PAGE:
That Buffalo’s Lockhouse Distillery has won four prestigious awards for its vodka comes as no surprise. This is one of the smoothest, cleanest vodkas I’ve tasted. Triple distilling puts it in league with the best of Polish and Russian vodkas, and, using popular reference points, I would put it somewhere between top-shelf giants Belvedere and Grey Goose. What sets the Lockhouse vodka apart from more standard offerings is a distant floral note echoing down the middle followed by a nearly transparent finish. It’s the kind of easy-drinking vodka that could get you into trouble were you to, say, enter a shot session with an enthusiastic Russian. Fellow buzz-brains, you’ve been warned.
My tasting partner was Andy Baldwin, co-owner of Urban Cowboy Nashville, which houses an award-winning cocktail bar. Upon trying the Lockhouse vodka he said he could easily see this being his house vodka. Lockhouse, are you ready for that kind of expansion?
Chances are, no, they’re not. Small, local distilleries using regionally sourced ingredients and hand-bottling their booze means forgoing major market share. Our bottle was hand-labeled as 122 out of just 229, a familiar designation these days, but in the case of a truly small distillery’s offerings—as opposed to, say, Jack Daniel’s impossibly ubiquitous “limited editions”—Lockhouse’s numbers are a sincere representation of how much booze they actually make at a time. Of course, that scarcity is half the fun; you get something truly unique with a regional story and flavor.
Distilleries like Lockhouse are part of a broader craft-oriented movement in the US, a movement of passionate entrepreneurs intent on changing the way goods are made, distributed, and consumed. Their goals tend to be sustainability, high quality, and sheer sanity in the face of blazing-fast globalization. Lockhouse fits that description to a tee, and imbibers with an interest in supporting an alternative, regional economy should, I think, rush out and imbibe Lockwood’s spirits.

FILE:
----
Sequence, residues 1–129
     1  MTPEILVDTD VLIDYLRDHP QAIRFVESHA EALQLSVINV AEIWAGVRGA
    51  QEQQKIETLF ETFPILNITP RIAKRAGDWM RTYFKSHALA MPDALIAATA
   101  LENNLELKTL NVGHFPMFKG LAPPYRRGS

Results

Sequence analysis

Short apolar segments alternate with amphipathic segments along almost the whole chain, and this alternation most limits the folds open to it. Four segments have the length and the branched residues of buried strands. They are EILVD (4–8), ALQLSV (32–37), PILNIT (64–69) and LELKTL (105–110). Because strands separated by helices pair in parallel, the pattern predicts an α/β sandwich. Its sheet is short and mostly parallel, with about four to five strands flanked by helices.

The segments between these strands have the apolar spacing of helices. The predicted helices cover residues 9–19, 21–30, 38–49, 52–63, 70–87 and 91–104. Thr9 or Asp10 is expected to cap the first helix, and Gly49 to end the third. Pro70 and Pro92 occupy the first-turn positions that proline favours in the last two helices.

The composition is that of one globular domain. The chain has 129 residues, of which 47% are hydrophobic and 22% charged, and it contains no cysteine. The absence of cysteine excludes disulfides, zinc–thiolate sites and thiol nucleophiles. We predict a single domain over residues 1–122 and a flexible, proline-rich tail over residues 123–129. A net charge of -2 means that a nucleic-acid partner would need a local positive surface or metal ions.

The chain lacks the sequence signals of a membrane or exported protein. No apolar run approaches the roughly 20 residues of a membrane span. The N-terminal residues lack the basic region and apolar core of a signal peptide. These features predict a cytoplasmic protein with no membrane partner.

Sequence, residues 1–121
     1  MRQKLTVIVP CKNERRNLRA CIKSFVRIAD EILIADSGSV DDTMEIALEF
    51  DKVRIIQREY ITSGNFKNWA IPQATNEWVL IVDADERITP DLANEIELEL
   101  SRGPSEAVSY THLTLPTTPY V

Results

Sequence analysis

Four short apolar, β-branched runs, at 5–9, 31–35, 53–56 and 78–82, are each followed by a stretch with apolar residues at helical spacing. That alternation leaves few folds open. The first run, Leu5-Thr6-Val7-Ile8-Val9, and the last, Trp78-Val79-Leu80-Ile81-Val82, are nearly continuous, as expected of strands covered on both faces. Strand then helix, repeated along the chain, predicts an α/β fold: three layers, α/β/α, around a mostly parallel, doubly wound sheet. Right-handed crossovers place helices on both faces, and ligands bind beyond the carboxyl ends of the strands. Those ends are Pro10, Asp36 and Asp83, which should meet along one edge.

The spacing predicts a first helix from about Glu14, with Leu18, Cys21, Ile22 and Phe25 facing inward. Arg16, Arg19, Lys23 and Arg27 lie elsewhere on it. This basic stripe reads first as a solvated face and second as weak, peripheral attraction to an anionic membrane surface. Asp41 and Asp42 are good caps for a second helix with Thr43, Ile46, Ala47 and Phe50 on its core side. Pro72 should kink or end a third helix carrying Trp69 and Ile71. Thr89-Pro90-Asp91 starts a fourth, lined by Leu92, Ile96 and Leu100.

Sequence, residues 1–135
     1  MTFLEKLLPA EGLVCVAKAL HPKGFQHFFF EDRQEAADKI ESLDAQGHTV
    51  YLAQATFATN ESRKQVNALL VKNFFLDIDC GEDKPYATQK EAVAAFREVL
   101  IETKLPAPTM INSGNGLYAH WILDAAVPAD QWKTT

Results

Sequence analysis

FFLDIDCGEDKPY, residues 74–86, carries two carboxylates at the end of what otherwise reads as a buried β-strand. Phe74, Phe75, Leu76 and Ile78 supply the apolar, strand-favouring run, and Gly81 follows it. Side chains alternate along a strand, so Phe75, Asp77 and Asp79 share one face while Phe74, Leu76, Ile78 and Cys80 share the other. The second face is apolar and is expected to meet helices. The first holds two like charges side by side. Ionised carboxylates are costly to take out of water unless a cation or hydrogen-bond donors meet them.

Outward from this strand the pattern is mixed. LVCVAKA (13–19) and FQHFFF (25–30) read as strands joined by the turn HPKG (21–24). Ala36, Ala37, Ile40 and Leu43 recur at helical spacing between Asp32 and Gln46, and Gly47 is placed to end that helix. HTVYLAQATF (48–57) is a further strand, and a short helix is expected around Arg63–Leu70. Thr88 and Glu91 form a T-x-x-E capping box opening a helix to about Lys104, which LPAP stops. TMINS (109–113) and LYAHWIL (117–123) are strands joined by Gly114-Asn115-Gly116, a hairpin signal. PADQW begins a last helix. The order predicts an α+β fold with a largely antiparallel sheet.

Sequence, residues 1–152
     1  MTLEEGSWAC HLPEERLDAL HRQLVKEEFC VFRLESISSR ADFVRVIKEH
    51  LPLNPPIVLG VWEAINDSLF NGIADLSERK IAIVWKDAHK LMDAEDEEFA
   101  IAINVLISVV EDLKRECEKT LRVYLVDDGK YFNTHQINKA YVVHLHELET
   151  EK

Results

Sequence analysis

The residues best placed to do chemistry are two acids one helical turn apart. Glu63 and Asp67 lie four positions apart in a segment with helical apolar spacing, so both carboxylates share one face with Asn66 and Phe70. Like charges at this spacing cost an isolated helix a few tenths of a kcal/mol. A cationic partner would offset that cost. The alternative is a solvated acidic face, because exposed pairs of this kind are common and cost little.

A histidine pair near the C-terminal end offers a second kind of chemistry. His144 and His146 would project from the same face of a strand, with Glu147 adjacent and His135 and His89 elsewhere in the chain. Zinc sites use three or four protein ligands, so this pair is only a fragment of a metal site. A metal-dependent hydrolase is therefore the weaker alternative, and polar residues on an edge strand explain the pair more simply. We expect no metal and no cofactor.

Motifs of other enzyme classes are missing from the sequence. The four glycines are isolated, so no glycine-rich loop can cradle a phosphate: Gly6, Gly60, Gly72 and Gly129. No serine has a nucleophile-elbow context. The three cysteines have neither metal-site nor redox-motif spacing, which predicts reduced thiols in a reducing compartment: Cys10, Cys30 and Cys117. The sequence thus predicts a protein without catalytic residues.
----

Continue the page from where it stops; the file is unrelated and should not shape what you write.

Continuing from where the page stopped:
To get a sense of Lockhouse’s dedication to its region, consider that the vodka is made from grapes and grains sourced from the Niagara Wine Trail region, a short jaunt into Canada from Buffalo that reduces the carbon footprint of this beverage while assuring a regional flavor profile that will shift over the years, just as wine does. It’s a perfect example of how sustainable crafting adds up to a more enriching, higher quality product.
There are a lot of small distilleries out there making vodka, but precious few are making bitters, amari and (new to me) a Single Hop Spirit. Confession: I was skeptical. So many small distilleries absolutely nail one, maybe two, signature spirits, and then sort of toss off a host of second-tier offerings. Lockhouse’s current catalog, however, is like a greatest hits album. It’s all delicious.
I’m a huge Campari fan—Negronis, Boulevardiers, the occasional Quill—and Lockhouse’s Ibisco Bitter is a lovely substitute for Campari. Mellower than the Italian classic, rosewater dominates the Ibisco, followed by bitter citrus and a spicy finish. A finger of Ibisco over ice was vastly more enjoyable than Campari, which I almost never drink unmixed. We dreamed up a Lockhouse Vodka Tonic with a splash of Ibisco for a mellow, floral, and dangerously drinkable cocktail (again, you’ve been warned).
Lockhouse Vodka Tonic
3oz Lockhouse Vodka
Splash of Lockhouse Ibisco Bitter